Chapter 14 Summary
The five long months of the dry season are hard for the village of Juffare in the Gambia of Africa. The sun and heat bake Kunta Kinte’s lips and feet as he tends to his goats all day. Even though Kunta spends the morning rubbing his feet with palm oil, that treatment is no match for the heat of the day on this hot, dry continent. Kunta, Sitafa, and their friends, however, never complain. They are a growing testament to the respect and honor of their fathers in that silence. Still, the friends play less, eat less, and talk less as they try to bear the heat together, herding their goats.
Ironically, the nights are bitterly cold, and groups of Mandinka gather around their separate fires to shiver through the nights together: the grandmothers with the young children, the men, the women and maidens, and the elders. The boys of Kunta’s age flit back and forth trying to decide whether to eavesdrop on the elders (who mostly just talk about the heat) or to listen in to the grandmothers’ stories.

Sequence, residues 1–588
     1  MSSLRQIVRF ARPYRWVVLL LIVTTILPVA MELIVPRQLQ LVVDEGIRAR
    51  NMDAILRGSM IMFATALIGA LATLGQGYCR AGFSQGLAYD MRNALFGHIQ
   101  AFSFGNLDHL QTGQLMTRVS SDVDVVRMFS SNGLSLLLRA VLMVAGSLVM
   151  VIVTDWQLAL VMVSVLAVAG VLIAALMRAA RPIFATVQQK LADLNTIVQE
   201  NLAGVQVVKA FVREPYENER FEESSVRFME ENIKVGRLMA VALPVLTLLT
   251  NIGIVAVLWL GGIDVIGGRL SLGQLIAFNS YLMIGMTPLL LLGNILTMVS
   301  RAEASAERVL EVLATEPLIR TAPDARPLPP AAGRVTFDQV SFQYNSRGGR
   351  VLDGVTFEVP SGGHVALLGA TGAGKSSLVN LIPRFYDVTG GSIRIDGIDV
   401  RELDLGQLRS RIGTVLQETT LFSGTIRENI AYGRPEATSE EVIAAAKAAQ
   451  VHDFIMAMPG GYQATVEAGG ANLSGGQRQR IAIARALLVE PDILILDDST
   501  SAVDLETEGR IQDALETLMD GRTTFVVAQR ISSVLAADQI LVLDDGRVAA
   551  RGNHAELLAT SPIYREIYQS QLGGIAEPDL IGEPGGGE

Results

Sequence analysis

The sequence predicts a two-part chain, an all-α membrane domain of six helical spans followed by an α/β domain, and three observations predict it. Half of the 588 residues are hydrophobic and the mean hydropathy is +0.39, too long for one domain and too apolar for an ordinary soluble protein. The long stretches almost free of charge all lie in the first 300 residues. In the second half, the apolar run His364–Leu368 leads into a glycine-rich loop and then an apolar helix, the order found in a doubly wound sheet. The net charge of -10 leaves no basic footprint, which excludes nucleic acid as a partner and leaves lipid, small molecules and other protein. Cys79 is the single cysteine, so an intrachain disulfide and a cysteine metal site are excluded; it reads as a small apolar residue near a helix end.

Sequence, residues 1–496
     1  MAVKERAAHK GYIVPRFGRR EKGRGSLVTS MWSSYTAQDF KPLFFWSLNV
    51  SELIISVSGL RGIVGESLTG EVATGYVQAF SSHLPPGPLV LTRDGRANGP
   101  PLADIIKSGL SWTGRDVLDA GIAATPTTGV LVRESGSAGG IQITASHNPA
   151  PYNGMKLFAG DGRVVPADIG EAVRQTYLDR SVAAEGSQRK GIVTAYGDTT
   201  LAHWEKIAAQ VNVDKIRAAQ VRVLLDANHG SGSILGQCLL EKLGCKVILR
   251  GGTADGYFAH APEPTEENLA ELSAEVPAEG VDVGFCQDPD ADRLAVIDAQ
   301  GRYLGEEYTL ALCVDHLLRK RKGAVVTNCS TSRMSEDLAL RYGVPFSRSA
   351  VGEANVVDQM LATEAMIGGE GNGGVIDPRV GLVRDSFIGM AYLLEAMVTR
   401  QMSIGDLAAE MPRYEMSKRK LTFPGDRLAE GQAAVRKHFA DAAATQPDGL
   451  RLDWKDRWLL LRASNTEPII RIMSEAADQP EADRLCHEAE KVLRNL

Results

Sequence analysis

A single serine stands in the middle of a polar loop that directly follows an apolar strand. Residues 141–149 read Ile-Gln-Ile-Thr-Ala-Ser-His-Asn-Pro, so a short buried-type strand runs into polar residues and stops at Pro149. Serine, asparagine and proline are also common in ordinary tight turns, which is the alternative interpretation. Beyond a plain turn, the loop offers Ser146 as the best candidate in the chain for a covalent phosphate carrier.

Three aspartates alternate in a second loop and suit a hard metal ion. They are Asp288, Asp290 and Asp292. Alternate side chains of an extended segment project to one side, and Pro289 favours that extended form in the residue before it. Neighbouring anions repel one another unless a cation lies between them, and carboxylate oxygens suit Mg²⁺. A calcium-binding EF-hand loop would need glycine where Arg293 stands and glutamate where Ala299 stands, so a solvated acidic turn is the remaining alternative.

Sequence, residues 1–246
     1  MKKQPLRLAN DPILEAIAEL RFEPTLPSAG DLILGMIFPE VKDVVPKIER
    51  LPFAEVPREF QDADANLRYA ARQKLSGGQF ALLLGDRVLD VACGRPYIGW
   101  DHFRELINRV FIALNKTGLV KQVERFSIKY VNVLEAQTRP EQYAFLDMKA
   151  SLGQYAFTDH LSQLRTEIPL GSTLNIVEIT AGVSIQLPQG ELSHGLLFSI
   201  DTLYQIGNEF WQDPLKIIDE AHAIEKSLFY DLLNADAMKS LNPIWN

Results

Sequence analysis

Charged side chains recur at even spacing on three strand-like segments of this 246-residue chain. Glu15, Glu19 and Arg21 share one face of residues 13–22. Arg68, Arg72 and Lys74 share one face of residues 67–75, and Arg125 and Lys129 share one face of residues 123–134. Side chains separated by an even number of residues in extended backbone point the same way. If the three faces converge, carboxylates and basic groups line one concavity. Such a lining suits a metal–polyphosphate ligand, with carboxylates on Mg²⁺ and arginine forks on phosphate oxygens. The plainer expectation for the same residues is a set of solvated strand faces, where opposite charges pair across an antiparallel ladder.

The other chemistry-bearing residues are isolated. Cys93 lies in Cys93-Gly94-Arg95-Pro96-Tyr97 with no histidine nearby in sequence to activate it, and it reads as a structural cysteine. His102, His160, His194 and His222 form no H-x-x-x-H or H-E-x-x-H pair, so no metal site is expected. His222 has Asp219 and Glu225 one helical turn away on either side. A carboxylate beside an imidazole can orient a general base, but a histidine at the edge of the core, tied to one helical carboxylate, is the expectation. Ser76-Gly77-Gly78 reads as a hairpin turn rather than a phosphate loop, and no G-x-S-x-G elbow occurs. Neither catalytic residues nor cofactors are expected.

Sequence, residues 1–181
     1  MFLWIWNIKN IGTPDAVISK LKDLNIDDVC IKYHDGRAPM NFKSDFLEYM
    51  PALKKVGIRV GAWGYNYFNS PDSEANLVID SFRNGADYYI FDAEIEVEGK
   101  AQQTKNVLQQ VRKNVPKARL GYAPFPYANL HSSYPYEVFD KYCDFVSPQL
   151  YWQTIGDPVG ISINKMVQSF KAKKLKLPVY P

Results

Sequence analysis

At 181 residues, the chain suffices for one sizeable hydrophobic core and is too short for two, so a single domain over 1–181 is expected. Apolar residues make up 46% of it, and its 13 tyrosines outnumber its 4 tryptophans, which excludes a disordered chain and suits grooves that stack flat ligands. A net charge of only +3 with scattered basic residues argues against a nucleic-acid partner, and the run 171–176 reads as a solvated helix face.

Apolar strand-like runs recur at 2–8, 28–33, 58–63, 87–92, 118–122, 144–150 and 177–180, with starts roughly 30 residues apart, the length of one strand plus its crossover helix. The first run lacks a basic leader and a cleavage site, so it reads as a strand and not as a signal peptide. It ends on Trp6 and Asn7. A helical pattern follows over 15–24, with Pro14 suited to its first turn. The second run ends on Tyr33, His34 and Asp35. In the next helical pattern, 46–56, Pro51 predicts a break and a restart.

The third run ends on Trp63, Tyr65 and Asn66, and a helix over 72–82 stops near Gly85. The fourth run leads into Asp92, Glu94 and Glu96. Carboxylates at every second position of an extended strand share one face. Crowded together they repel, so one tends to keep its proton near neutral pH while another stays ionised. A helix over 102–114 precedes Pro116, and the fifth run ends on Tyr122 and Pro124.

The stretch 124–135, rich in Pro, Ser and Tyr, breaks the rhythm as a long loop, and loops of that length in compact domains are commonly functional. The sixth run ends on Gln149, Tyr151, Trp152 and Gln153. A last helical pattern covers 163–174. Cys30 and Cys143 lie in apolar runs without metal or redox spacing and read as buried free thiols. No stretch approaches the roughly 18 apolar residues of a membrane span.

It isn’t long before the horrid harmattan wind makes living in the day unbearable. The harmattan blows dry dust everywhere so that one can hardly breathe. The people of Juffare begin to squabble with each other unnecessarily, and the cattle and goats become thin and sad. During these days, Kunta often herds his goats alone and ponders the sufferings of his people. They always seem to be bearing one hardship or another: too much rain, too little rain, too little food, so much heat and sickness and death. Prayers to Allah to heal it all. Further, Kunta admits that the harvest season doesn’t last nearly long enough for his liking.
Kunta is encouraged when he begins to feel the softer winds starting to blow as he herds his goats in the heat. The rains will soon come, as they do every year. The adults begin to burn the weeds in the fields and scatter the ash to nourish the soil. This year Kunta notices that the little ones flit about gathering the falling flakes of ash: always a symbol of good luck. The rains approach quicker and quicker with the men busily moving their hoes back and forth in the soil. The men and women are preparing long, long rows to receive seeds. It seems to Kunta that this is an “endless cycle of seasons.”